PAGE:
Download Hidden Histories: Palestine and the Eastern Mediterranean by Basem L. Ra'ad PDF

By Basem L. Ra'ad

For hundreds of thousands of years, the quarter of Palestine and the East Mediterranean has been denied an indigenous voice for an inclusive background. 3 religions ascribe their origins to this a part of the realm, appropriating and re-appropriating the "Holy Land" time and again.

Hidden Histories bargains a robust corrective to universal understandings. It emphasizes Palestine's lengthy heritage and dispels many elderly and new myths – protecting problems with non secular origins and sacred websites, identification and self-colonization, and the retrieval of old heritage.

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Additional resources for Hidden Histories: Palestine and the Eastern Mediterranean

Sample text

The actual history of the East Mediterranean is still shrouded in mystery, whether for people in the distant West or for people in the region laboring under imposed selfunderstandings. Western perceptions of the East Mediterranean have been formed by a complex variety of factors, some imaginary, others real: 1700 years of idealized constructions and expectations concerning a “Holy Land” (mostly imaginary); European enmity toward and competition with Muslim empires (first Arab then Ottoman); the various kinds of crusades (starting from 1099); the assumptions inherent in that convenient paradigm called “Western civilization,” which emerged only in the sixteenth century; the employment of biblical models of empowerment in various colonizing projects; the sacred geography of nineteenth-century Christian fundamentalists; writings by travelers, pilgrims, and orientalists; recent colonization by Western powers and the region’s division into “countries”; and now the Zionist project in Palestine and its colonizing activities.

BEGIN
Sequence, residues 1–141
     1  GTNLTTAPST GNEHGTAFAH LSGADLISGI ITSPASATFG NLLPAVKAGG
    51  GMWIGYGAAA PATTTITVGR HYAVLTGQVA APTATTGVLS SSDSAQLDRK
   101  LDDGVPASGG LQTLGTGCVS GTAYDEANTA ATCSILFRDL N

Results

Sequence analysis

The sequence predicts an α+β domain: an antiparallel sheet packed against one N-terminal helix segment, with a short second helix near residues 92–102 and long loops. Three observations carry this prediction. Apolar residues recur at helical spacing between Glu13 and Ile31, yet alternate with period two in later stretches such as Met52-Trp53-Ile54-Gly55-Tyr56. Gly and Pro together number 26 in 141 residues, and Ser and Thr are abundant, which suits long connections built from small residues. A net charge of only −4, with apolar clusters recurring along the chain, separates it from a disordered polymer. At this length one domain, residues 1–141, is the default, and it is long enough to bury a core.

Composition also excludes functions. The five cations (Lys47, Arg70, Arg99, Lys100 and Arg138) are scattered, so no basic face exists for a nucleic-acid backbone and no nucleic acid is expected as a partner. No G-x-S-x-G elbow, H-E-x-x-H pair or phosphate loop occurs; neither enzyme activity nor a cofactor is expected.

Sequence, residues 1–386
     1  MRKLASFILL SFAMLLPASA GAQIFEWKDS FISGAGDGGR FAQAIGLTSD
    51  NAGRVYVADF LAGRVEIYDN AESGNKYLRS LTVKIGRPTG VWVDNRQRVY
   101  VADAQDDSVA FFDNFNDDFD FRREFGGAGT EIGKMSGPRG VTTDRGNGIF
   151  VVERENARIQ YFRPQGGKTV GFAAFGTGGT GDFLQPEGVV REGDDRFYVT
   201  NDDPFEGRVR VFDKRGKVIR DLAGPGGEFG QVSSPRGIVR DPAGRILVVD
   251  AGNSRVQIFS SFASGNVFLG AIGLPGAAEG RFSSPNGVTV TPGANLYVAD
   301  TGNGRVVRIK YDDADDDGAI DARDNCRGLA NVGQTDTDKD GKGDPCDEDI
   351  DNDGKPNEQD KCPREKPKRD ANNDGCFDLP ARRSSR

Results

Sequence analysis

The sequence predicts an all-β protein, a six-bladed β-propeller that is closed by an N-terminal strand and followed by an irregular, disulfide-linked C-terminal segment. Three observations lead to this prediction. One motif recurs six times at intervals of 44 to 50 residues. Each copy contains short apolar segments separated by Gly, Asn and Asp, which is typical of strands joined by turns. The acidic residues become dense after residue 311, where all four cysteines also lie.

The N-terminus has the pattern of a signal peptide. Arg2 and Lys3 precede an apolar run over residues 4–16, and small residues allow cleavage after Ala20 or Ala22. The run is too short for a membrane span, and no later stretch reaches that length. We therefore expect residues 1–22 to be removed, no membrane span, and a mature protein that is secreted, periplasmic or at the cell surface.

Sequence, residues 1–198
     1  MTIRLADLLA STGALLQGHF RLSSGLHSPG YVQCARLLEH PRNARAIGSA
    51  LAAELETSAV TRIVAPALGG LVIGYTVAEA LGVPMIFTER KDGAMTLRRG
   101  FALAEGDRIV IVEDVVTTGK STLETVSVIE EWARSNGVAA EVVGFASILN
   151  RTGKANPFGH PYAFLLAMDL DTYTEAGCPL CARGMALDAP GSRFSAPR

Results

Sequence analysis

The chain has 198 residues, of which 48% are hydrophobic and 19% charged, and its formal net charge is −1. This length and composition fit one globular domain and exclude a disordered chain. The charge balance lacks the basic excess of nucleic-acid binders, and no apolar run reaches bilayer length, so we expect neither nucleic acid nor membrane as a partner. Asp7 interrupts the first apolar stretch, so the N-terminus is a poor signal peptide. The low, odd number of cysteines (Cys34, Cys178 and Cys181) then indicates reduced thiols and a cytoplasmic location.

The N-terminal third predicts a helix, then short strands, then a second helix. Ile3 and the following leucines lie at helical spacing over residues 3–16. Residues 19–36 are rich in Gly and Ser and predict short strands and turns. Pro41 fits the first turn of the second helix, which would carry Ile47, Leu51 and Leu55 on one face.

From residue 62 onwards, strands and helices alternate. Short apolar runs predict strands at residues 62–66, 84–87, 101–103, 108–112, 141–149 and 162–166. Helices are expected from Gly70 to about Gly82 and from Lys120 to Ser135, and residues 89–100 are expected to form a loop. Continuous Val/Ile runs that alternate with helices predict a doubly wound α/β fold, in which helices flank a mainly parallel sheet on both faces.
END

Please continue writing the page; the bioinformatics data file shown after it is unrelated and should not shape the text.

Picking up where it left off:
Metaphysical poetry of the early seventeenth century denotes the religious typology in its intellectual and figurative senses. For example, crossing the Jordan River to the Promised Land meant reaching an aesthetic promised land or a blessed condition or “freedom” (there was no regard, in this aesthetic interpretation, given to the rights or wrongs of the invasions and multitudes of massacres reported in the biblical accounts). An early prototype is Thomas Fuller’s A Pisgah-Sight of Palestine (1650), an absentee description of Palestine (“Canaan”) which uses the Bible as its only reference.

Among the trendsetters one could cite (not wishing either to exclude others, or to express no reservations) Donald B. Redford, Mark S. Smith, Martin Bernal, Thomas L. Thompson, Philip R. Davies, Keith W. Whitelam, Ze’ev Herzog, and Shlomo Sand. As a result of their positive intentions and their challenge to the dominant constructs, some of them (especially Thompson and Whitelam) have regularly been attacked, improperly called “revisionists” (“searchers” would be a more appropriate term), and are regularly maligned in Zionist writing.

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